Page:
Ahead of the Game
Kathleen Wu advocates for diversity in the boardroom and on the tennis court
Published in 2011 Texas Super Lawyers magazine
By Betsy Graca on September 12, 2011
“If you can’t eliminate injustice, at least tell everyone about it.” Those words, spoken by Iranian scholar Ali Shariati, struck Dallas attorney Kathleen Wu the first time she read them.
Wu is not a civil rights or First Amendment lawyer. Rather, the partner at Andrews Kurth chose to practice real estate law, finance and business and transactions. Her time speaking out on injustices comes into play when she puts on her other hat: as a commentator on issues women face in the workplace and as vice chair of the United States Tennis Association’s diversity committee.
She’s not sure where her passion for equality came from growing up in a Long Island suburb—where she sheepishly admits she had a “very typical” high school experience—before heading off to Columbia University. “I wish there was [a role model] I could point to for you,” she says with a pause. “There really wasn’t; I think I was just sort of hardwired this way from birth, and I don’t know why or how. I had a very traditional, 1950s, ‘60s mother: did not work, dinner on the table at 6 o’clock.”
After graduating with a bachelor’s degree in political science from Barnard College—at the time, the women’s college at Columbia University—Wu headed to The George Washington University for law school. “People I liked and respected had gone into the law and I knew it was a promising career, so I figured it couldn’t hurt to have a law degree,” she says. “As I’ve gone through these 25 years, all those things have continued to be true.”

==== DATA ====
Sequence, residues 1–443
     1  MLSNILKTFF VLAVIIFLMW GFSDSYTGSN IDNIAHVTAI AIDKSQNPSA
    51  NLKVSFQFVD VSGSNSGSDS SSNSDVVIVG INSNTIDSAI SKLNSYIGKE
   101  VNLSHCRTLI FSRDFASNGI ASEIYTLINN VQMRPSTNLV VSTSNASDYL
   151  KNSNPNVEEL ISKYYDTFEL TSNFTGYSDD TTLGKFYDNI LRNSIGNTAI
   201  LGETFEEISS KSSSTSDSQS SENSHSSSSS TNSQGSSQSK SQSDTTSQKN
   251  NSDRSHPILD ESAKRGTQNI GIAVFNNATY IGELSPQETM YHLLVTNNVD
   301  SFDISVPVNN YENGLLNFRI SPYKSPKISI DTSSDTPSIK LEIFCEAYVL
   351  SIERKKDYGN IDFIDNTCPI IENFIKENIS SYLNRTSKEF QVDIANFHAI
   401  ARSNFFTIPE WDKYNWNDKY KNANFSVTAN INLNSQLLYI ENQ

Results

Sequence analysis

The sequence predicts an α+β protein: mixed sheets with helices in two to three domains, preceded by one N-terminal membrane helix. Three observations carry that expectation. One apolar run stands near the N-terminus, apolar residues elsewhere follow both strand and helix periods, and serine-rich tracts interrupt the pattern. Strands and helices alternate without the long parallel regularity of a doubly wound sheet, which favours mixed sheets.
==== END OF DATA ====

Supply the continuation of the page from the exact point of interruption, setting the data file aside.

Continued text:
Wu met her husband, attorney Mark Solomon, while at GWU, and in the mid-‘80s, when the two graduated, the Sun Belt boom was beckoning young attorneys to cities like Dallas for promising work in the real estate market. But by the time Wu and Solomon got there, the savings-and-loan crisis had hit the nation and the work transitioned to representing lenders in the down market.
Wu and Solomon, now married for 25 years with a 16-year-old son, Grant, remained in Texas. Several years ago Solomon joined Wu at Andrews Kurth; he’s now a managing partner at the firm’s Dallas office, and practicing corporate securities law.
While Wu has been dedicated to speaking out on the many issues women face in the workplace, personal experience doesn’t play a role. “I’ve been extremely fortunate because, suffice to say, I would not still be at this firm if it didn’t embrace these kinds of issues,” she says. “And that’s surprising. When I joined this firm in 1987, you would think, this is a Houston-based, good ol’ boy, Texas firm and every stereotype that comes with that, and it’s not. It wasn’t then and it isn’t now.
“This firm has this very strong tradition of having women partners,” Wu continues. “I have had a number of leadership positions in the firm; I have been the managing partner of the Dallas office; I have been the hiring partner of this office; I have sat for many years on what we call the policy committee, which is our governing body. I have worn many, many different hats here and have been very fortunate that they’ve tapped me for those leadership positions here.”
Bob Jewell, managing partner of Andrews Kurth has been with the firm for 33 years and agrees female lawyers like Wu have had a strong role in the growth and development of the firm. “[In] three of our six domestic offices, the office managing partner is a female, and Kathleen is a former Dallas office managing partner,” he says. “That’s just a reflection of the stature that we hold our women lawyers [to]: to recognize not just their contributions, but their leadership, and Kathleen’s clearly one of the leaders of the firm.”
It’s that positive experience Wu has had at her firm that inspired her mentorship of other young female lawyers. “I figure young male lawyers have plenty of mentors and women still face a lot of challenges in the workplace, so I want to do what I can to address what I thought was important.”
Wu writes about these issues—such as a lack of women in leadership roles and difficult time demands—in multiple legal publications, and speaks at seminars and various associations’ meetings and conferences. Her expert career advice was featured in the book, All Moms Work: Short-Term Career Strategies for Long-Range Success by Sharon Reed Abboud. Wu’s advocacy has earned her recognition among the legal community, and multiple awards from legal, journalism and other professional organizations.